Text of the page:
With apologies to the late, great Broadway composer Frank Loesser, you can’t succeed in business without really trying. But how do you know if you’re really succeeding in business? According to Entrepreneur, you must benchmark your business against industry competition. Metrics like net profit, liquidity and turnover ratios are some of the key measurements for business success.
Know where your small business stands
Benchmarking may seem labor-intensive, but the truth is that there are sources for all the data a small business owner needs to tell whether their business is doing well. Some of these sources are relatively inexpensive, according to Entrepreneur. Here are three key ways a small business owner can find benchmarking data:
1. Get to know business owners and associations. If you reach out to owners of businesses that are similar to yours – but outside your market area, so that competition isn’t an issue – you may be able to share financial data. Similarly, joining industry groups that conduct anonymous financial polls can give you a general idea of how your industry is faring.
2. Find industry directories. Revenue and growth figures are broken down by sector in directories like Chain Store Guide.
3. Pay for market research. Costs here can run from inexpensive to highly expensive, depending upon the scope of the study and industry concerned. Sometimes you may be able to glean some free stats from a press release about a study. Companies like Sageworks can provide you with accurate data.
What a good market study should include
According to Sageworks, accurate, up-to-date, relevant reports give business owners the best deal for their money. The most current information helps business owners understand what they must do now, and data gleaned via a focused view of a specific business field provides the most applicable solutions to overcoming barriers to business success.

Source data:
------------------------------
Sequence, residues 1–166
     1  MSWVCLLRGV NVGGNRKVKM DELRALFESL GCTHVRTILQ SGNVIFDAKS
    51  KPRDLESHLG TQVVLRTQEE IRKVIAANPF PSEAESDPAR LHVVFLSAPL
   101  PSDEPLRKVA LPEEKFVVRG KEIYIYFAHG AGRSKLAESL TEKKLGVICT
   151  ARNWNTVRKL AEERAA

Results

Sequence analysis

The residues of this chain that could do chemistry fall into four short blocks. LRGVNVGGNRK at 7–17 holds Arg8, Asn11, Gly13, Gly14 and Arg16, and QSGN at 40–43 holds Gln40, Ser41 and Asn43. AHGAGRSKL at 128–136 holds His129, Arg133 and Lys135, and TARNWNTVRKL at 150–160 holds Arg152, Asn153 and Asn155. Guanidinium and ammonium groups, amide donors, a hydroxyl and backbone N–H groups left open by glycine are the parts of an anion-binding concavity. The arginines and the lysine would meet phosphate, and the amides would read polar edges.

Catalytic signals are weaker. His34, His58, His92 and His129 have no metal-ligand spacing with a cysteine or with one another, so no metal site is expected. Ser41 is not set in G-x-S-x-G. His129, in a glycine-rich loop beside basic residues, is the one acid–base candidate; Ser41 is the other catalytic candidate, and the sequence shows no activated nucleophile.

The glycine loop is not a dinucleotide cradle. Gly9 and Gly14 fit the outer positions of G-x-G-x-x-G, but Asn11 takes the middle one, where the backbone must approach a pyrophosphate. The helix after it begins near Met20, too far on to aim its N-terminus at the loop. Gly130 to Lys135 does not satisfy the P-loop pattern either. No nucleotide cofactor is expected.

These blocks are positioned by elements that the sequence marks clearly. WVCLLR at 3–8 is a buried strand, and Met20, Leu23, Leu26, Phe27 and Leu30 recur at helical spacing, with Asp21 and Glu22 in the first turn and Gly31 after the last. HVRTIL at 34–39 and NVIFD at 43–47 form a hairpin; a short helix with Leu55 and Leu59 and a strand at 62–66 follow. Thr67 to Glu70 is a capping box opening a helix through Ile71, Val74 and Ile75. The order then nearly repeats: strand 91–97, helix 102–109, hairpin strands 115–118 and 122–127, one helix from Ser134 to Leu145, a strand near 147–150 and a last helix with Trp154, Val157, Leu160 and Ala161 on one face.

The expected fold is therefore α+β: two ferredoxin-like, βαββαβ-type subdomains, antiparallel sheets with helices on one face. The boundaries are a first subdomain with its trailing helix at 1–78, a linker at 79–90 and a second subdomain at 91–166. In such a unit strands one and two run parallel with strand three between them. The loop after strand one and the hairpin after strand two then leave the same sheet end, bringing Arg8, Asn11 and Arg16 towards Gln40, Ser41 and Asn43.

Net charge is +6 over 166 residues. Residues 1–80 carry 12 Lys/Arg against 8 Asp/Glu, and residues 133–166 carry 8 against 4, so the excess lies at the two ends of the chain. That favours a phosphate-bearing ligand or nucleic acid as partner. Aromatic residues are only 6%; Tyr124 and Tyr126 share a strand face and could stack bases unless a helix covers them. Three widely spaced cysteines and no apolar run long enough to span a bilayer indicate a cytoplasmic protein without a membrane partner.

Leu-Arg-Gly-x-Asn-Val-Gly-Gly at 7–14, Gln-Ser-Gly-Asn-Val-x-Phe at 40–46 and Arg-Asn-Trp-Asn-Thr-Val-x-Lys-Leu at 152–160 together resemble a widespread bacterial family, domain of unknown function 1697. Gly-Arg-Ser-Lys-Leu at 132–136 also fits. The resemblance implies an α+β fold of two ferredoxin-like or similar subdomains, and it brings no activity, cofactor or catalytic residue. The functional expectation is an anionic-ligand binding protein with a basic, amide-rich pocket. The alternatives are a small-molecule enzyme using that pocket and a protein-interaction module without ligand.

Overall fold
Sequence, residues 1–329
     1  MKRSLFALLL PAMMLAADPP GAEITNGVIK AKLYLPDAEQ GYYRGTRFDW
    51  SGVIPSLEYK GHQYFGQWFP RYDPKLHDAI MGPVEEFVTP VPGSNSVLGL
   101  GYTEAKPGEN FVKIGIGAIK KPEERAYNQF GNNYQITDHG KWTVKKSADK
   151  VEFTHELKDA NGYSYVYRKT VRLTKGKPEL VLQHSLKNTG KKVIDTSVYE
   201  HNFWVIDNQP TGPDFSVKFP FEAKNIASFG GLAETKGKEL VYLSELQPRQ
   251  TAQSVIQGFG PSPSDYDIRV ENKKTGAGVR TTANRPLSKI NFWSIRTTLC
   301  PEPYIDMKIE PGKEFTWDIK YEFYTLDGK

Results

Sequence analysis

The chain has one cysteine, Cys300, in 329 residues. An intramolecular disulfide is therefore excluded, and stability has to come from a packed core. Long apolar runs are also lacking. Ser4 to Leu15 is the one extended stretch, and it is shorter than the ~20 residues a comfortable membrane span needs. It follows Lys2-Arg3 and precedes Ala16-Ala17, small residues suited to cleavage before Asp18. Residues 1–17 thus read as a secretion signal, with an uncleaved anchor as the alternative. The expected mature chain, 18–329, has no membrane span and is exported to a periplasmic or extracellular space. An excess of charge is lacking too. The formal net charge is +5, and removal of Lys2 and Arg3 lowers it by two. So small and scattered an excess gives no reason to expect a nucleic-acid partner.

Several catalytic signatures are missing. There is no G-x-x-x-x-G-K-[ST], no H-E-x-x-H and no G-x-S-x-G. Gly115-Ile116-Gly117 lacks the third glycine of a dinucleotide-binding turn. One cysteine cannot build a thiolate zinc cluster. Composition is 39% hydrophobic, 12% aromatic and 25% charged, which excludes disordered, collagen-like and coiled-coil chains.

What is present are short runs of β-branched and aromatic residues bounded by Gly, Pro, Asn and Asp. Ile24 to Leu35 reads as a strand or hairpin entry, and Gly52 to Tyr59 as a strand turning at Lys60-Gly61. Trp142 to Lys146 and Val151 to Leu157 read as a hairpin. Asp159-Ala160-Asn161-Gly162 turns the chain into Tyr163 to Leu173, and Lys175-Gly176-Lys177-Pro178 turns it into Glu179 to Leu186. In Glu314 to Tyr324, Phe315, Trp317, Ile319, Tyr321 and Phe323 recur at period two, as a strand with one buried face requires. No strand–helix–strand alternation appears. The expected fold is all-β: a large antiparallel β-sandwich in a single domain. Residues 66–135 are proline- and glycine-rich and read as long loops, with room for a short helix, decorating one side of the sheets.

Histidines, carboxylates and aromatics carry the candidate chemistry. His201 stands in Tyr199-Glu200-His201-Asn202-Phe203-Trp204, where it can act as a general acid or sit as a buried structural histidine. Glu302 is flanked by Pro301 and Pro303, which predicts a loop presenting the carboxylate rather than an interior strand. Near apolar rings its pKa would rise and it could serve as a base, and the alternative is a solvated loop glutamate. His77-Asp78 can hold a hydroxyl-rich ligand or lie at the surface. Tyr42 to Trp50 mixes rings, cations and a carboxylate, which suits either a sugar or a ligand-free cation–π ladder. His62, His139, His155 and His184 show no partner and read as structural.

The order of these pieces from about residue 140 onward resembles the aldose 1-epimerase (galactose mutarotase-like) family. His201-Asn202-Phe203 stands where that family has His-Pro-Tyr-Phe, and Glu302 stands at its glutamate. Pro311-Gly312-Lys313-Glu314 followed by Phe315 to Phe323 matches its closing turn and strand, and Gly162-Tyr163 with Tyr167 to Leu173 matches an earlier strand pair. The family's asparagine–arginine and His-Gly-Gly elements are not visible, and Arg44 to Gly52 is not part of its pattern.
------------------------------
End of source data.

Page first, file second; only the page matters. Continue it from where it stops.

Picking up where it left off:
Sageworks CEO Brian Hamilton suggests business owners pay close attention to these financial metrics in a market study:
Net profit before taxes margin
This is before-tax net profit divided by sales for a given period of time. In basic terms, it’s how many cents in profit a business earns from each dollar of revenue. Obviously, the higher the better.
Two ratios are important here: current ratio and quick ratio. The former is assets divided by liabilities, and it is a good, long-term metric. The latter is cash plus accounts receivable, divided by liabilities. This is more of a short-term gauge.
Turnover ratios measures how well a business manages and moves its inventory in terms of liquidity. The three most significant turnover ratios for business owners are accounts receivable turnover, accounts payable days and inventory days ratio. Accounts receivable turnover measures the number of days that a company takes to turn receivables into cash. Accounts payable days ratios measure the number of days it takes companies to pay vendors. Finally, inventory days ratios account for how many days it takes to sell inventory. For more info on calculating these ratios, visit Sageworks’ website and About.com Business Finance.